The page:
As part of the check-ups, your gynecologist may first perform an antibody test in your blood that will confirm whether you are immune to toxoplasmosis or not. You have to pay for this examination yourself.
The importance of such a study is questioned in recent studies, which is why the Federal Office of Public Health has revised its recommendations.
If the results of this test show that you do not have antibodies in your blood, certain precautions are especially important to you.
Your antibody test should be repeated approximately every four weeks between the 16th and 32nd week of pregnancy in order to detect a new infection in good time.
If you have antibodies, you should distinguish whether they are old or new. Old antibodies are the result of previous infection; H.
You are immune and cannot infect your baby. Fresh antibodies are the result of an initial infection that has just emerged, meaning your baby may be at risk.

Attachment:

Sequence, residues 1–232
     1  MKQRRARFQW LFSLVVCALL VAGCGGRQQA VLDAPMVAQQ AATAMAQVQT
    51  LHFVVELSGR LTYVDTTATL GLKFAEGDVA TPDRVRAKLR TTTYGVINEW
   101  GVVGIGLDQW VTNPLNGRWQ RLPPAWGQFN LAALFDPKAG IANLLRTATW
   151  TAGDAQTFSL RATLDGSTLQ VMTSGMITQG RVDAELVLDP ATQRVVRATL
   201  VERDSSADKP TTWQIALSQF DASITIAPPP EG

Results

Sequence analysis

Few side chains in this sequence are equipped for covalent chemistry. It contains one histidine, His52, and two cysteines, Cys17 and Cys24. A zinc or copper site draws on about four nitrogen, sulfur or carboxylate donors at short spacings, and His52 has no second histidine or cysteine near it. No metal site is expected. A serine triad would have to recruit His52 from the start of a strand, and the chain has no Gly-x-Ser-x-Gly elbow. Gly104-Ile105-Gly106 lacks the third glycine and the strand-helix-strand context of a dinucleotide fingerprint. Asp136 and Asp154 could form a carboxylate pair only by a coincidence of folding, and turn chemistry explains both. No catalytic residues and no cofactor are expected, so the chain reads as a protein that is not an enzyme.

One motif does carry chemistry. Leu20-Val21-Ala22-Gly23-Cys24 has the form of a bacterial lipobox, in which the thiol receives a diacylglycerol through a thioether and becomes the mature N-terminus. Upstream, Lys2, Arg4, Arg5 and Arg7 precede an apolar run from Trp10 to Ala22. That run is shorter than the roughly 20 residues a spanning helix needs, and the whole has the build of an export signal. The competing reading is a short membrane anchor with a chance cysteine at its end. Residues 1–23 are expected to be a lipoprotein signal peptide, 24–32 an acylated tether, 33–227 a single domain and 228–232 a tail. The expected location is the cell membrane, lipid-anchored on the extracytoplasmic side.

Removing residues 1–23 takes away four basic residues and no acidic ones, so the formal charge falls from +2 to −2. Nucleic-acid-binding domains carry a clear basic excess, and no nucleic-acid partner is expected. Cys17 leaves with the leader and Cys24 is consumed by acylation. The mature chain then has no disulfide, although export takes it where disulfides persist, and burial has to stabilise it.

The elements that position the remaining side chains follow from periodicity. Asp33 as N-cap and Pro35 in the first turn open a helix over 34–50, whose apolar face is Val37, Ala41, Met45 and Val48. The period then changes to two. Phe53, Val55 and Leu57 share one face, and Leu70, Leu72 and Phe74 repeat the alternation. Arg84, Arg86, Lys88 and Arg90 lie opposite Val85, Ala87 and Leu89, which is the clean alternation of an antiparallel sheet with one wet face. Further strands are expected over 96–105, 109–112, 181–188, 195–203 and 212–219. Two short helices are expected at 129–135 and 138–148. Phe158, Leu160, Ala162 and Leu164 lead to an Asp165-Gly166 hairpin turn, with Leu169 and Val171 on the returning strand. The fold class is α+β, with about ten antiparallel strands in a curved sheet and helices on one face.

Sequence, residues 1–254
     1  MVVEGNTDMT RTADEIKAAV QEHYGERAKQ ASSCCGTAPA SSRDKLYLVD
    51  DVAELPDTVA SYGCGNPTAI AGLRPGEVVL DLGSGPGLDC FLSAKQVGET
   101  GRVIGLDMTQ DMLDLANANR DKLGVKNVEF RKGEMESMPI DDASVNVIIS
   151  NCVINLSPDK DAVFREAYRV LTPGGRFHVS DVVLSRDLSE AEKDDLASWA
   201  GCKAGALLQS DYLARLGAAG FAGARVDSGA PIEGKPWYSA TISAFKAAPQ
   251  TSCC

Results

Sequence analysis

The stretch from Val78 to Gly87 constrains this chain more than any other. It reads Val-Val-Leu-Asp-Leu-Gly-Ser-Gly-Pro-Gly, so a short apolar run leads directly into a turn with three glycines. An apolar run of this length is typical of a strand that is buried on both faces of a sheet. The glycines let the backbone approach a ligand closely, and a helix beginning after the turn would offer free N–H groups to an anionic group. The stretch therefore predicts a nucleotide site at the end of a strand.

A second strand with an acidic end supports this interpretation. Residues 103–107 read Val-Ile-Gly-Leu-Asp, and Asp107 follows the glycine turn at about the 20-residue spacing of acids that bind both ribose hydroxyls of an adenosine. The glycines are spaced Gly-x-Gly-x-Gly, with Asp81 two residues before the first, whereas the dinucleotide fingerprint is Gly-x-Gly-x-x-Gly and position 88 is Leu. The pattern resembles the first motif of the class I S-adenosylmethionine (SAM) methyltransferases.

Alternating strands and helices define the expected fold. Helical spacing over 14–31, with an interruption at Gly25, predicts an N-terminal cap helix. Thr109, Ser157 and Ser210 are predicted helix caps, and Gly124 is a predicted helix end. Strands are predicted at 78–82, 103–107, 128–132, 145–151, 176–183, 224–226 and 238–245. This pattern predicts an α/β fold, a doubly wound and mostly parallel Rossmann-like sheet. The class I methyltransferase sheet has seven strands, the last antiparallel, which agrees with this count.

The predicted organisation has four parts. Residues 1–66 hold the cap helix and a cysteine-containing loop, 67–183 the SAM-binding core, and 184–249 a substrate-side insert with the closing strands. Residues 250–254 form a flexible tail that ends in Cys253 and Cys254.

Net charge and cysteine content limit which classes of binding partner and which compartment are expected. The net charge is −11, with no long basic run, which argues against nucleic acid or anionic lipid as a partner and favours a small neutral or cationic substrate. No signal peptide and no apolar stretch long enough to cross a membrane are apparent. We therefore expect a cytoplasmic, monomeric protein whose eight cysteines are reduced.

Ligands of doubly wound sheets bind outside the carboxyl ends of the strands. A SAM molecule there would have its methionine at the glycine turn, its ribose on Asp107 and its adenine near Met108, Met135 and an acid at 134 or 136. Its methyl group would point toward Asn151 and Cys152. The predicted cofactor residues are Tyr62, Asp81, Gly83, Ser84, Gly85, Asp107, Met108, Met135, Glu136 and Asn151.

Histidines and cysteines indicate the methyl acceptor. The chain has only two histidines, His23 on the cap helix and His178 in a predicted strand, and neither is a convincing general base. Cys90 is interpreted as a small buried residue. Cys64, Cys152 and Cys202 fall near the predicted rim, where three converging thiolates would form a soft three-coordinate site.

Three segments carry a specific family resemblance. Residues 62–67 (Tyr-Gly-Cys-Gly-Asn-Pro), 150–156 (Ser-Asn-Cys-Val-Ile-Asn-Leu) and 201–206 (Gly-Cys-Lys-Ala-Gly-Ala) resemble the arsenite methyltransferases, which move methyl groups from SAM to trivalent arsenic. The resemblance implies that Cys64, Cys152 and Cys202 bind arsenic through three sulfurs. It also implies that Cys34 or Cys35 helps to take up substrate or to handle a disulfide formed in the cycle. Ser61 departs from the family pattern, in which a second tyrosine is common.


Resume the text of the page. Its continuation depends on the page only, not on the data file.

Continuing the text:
Toxoplasmosis can be treated with antibiotics during pregnancy to reduce the risk of infection in the child or organ damage. The duration of treatment is at least four weeks.
In the case of a confirmed initial toxoplasmosis infection, an amniocentesis or umbilical cord puncture and a regular ultrasound scan may be done to make sure your baby is not infected.
Fortunately, today it is no longer necessary for the pregnancy to end if the mother is infected with toxoplasmosis, as long as the infection of the child is clearly proven by a special test.